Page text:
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365 Days of Mountain Mischief: From Walt Whitman to Alton Weagle

  • Dan Szczesny Picasa—Courtesy

  • Dan Szczesny —Courtesy



Co-published with InDepthNH and Manchester Ink Link
Wednesday, April 05, 2017

In mid-1951, just as Alton Weagle was beginning to contemplate the string of Mount Washington record stunts he’d pull throughout the decade, an NBC Radio program called Yesterday, Today, and Tomorrow played a 36-second wax cylinder recording of Walt Whitman reading from his poem “America.”

There’s no reference in anything Whitman or his own colleagues wrote about making this recording, but there is a letter from Thomas Edison himself expressing interest in making the recording, which apparently was put to wax around 1890, when Whitman was an old hermit living in Camden, N.J. Voice analysts and sound engineers have happily debated whether it’s actually Whitman or not ever since.

I don’t know if Weagle heard this back in 1951 – or if he read Whitman, or poetry, at all. I don’t know. But, sitting in my bed, I played that recording on my smart phone; from wax to microchip with 125 years of space between us. And behind the haunting crackle and fuzz of that early marvel of sound engineering, there he was – that old man with the long, thick beard, the elder statesmen of American letters. Like a ghost. I listened again and again until I memorized each skip and pop, Whitman’s voice – the slight affectation to his words, like a Long Island lisp, emerging from another century, giving me chills.

I hope Weagle heard it, or knew of him – I will choose to believe that he did. How else to explain Alton’s wanderlust, his connection to the mountains, his almost transcendental desire to use his flesh and bone to forge a bond between himself and the landscape, much as Whitman did in New York City.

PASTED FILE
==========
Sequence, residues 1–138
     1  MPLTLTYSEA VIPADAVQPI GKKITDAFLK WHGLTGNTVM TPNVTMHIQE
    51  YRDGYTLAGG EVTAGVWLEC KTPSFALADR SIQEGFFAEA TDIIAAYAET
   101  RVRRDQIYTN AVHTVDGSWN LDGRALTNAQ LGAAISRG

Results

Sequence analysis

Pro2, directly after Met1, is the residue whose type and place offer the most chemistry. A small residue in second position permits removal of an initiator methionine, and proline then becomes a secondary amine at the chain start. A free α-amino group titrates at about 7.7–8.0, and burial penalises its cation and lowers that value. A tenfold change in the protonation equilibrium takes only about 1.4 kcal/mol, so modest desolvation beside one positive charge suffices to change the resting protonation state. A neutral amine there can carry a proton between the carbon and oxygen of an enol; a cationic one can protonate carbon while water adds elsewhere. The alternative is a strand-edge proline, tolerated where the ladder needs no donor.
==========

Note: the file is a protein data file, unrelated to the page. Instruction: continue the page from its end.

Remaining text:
How else to explain this? So lost am I in the sound of Whitman’s voice, it is my wife that brings my attention to the words themselves.

“Love,” she said. “Listen to what he says about America.”

“Centre of equal daughters, equal sons,

“All, all alike endear’d, grown, ungrown, young or old,

“Strong, ample, fair, enduring, capable, rich,

“Perennial with the Earth, with Freedom, Law and Love”

Freedom, law and love. From Whitman, the man who thought of America as the ultimate poem, to Weagle, the man who loved the New England American landscape so much that he launched a decades-long celebration of a mountain. And now to me, as I’ll try to meld Whitman’s words with Weagle’s actions on Alton Weagle Day come May.

Until then, I’ll be returning to the North Country often, to talk of Weagle with his family, to figure out what could possess a man to push a wheelbarrow filled with sugar up a mountain and to learn Alton’s recipe for blueapple pie – yup, he baked, too!

(Manchester author and journalist Dan Szczesny’s column, 365 Days of Mountain Mischief, includes snippets from his upcoming book on Mount Washington, “The White Mountain,” coming out in 2018. To become a donor or sponsor for the White Mountain Campaign, email Dan at danszczesny@gmail.com or visit hobblebush.com/product-page/the-white-mountain.)